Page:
Ready, Willing & Able
UGM Sovereign Center for Homeless Advancement
DIANE XAVIER | 3/9/2015, 8:27 a.m.
The Dallas Examiner
Union Gospel Mission of Dallas has been serving the homeless population by helping them transform their lives and by getting back on their feet since 1949. The organization provides those in need with shelter, meals, clothing, showers and chapel services for those also staying overnight at their facilities.
In order to help the homeless get back on their feet and live productive lives, the Union Gospel Mission opened their latest facility, the Sovereign Center for Homeless Advancement, on Feb. 20 with a dedication ceremony at the facility on 9008 Sovereign Row.
Over 80 volunteers, staff members and community leaders and investors celebrated the opening of the facility. The event included an opening prayer by Bill Thompson, UGM executive director, and also a prayer of dedication by Julian Russell, Park Cities Presbyterian Church Mission pastor.
The center includes training facilities for the homeless to gain job skills in areas such as automotive repair, carpentry, hospitality trades, masonry, painting, plumbing and wall/floor covering.
UGM Board Chairperson Bruce Butler opened the ceremony thanking God and all the volunteers and investors that helped open the Sovereign Center for Homeless Advancement.
“We are happy to be here today to dedicate this city to the God who is in control,” Butler said. “It was only natural that we would have those last meetings in our ministry where people can obtain those skills so that they can get good paying jobs and be involved in the community. We thank all our partners and community who are here today to celebrate this dedication.”
Jeff Steed, UGM director of Development and Public Relations Officer, discussed how many people the organization has served.
“In 2014, the mission served 400,000 meals and provided 147,000 beds,” Steed said. “Also, 394 people came into a relationship with Jesus Christ. There are so many moving parts of what God is doing at the Mission. Part of that impact is why we are sitting here today.”
Steve Allen, UGM’s chief administrative officer talked about the long journey it took to open the facility.
“It has truly been a journey that has had a lot of moving parts and a lot of folks involved,” Allen said. “I’ve been working on this project with others for the last three years. The center’s focus is on helping the homeless community and helping them get trained and certified in jobs that can help them with employment.”
The facility is 27,680 square feet and will also house new offices for UGM’s Sovereign Center employment training group, general services office, bulk sales office, piecework operations and staging areas for UGM’s donated goods distribution and thrift store production area operations.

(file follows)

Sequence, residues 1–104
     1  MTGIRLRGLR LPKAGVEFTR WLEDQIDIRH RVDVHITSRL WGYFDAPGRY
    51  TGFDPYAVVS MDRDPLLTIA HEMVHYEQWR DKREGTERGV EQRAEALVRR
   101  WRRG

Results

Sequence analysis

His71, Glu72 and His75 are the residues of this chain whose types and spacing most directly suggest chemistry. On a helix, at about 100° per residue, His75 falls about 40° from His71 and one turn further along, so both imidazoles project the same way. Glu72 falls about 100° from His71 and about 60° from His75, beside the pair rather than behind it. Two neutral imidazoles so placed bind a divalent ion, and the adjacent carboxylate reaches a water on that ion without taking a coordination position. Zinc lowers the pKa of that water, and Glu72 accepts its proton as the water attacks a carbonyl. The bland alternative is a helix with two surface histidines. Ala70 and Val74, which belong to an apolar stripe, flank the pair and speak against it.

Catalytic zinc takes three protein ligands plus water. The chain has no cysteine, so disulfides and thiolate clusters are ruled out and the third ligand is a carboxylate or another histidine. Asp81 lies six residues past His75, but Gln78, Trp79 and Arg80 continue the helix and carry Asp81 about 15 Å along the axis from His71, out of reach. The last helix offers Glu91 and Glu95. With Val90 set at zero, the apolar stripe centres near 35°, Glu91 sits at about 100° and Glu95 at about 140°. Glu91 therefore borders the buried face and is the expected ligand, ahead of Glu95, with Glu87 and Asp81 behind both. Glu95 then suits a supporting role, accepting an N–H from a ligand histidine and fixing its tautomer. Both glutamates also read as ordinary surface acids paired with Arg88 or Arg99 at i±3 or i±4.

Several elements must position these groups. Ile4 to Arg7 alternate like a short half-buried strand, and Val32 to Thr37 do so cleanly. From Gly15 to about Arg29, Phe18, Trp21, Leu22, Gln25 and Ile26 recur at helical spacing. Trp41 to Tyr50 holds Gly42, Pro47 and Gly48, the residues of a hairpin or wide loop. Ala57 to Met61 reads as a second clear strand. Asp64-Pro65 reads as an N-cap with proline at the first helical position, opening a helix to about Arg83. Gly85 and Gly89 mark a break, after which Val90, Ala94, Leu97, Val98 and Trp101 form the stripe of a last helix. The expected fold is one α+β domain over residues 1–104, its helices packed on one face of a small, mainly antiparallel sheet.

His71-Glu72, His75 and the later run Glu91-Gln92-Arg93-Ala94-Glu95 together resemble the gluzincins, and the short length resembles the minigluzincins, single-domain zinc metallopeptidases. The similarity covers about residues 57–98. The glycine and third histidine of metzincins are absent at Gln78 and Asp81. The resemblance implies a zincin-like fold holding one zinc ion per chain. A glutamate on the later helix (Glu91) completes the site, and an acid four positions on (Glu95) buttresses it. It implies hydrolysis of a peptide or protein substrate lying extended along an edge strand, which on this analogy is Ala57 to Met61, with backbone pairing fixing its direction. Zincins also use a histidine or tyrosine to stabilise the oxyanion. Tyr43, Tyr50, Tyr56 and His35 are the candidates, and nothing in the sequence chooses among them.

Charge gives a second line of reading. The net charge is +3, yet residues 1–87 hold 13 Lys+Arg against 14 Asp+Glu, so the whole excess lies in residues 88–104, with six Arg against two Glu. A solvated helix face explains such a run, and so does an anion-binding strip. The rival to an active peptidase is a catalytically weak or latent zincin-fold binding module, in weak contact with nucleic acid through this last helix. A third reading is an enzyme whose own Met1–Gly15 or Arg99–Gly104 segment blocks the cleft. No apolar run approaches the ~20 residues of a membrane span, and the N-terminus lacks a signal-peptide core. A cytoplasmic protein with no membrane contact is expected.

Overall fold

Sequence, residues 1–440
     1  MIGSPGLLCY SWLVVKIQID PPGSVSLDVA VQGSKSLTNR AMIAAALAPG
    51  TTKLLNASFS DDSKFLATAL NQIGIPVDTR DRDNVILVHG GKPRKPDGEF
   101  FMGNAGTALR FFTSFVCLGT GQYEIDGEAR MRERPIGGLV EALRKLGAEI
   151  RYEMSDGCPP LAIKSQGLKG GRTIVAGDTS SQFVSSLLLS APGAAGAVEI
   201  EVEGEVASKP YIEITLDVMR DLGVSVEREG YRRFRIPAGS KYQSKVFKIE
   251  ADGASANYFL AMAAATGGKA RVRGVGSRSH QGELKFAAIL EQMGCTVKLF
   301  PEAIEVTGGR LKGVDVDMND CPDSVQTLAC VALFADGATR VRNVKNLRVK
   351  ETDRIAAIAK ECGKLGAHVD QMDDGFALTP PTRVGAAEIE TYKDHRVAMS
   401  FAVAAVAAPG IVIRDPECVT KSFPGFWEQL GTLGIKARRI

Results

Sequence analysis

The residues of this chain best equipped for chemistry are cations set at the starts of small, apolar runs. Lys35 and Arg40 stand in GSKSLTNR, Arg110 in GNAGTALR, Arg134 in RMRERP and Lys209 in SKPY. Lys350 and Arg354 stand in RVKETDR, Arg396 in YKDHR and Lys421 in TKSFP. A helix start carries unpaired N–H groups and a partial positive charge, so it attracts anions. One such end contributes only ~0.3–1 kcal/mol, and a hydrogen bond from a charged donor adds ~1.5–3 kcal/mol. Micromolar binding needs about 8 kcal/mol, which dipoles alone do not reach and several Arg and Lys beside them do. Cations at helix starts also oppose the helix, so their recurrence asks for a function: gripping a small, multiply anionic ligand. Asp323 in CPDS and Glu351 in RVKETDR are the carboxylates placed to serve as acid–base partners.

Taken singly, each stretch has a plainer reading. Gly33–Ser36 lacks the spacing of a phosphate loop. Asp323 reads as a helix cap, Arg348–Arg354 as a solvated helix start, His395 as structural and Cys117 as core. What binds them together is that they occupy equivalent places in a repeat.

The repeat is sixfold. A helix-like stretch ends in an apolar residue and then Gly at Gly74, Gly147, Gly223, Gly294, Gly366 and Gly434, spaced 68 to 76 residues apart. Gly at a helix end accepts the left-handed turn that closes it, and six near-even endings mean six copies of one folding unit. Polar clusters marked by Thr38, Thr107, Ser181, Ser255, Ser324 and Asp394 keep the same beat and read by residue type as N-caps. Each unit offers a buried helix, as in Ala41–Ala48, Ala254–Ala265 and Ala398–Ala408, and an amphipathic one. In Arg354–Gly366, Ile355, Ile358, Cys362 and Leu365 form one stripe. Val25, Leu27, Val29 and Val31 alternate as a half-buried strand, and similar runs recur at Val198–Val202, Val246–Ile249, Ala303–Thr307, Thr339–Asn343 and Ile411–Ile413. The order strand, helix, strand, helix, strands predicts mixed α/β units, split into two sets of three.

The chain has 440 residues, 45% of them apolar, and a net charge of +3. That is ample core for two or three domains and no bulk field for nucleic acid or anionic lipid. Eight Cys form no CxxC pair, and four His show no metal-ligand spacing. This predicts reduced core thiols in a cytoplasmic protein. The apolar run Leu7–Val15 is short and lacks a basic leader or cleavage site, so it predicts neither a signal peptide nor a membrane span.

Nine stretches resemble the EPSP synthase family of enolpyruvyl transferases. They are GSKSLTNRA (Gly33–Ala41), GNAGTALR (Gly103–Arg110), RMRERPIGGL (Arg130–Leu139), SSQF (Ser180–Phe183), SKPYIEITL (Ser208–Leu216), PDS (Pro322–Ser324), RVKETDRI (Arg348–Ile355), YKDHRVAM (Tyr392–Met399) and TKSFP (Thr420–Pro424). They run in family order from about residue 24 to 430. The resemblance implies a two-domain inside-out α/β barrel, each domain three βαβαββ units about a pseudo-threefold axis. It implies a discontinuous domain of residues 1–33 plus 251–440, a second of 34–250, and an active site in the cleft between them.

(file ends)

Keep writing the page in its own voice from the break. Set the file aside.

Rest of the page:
The building was acquired in April 2013 and costs around $700,000, of which half has been paid.
Henry Rogers, Interstate Batteries Chaplain, is one of several volunteers for the organization.
“I’ve been with Interstate Batteries for 23 years and every year we have been serving for UGM, people have been commenting on the great attitudes and the joy of the people who volunteer,” Rogers said. “Whether it is feeding the homeless or giving them clothes, just being there and working with the guy in the kitchen and seeing how passionate they are and what they do is amazing. They do their job like it’s their life’s calling and that just inspires our team.”
Currently, the center is in discussions with several companies and educational institutions to get training center partnership opportunities in various course certification areas such as construction trades, automotive repairs and hospitality.
Attendees at the event were also given a tour of the facility and its different trade-training departments.
The goal is to serve unemployed homeless adults in the Dallas area with intensive pre-employment training programs that are designed to increase functional skills so that they can obtain a living-wage job, according to the Sovereign Center.
The center expects over 75 percent of the graduates to get employed or continue with additional training that will help them get employed.
Sue Berry, a donor to UGM, explains why she donates to this cause.
“It’s connected to God and what they do with the homeless and what they have to offer is why I donate,” Berry said. “I’ve been donating for 10 years and would also like to volunteer since my dad has been donating and volunteering as well.”
Patrice Denning, another volunteer, has been volunteering for 10 years as well.
“It is an opportunity to serve Christ by serving others,” Denning said.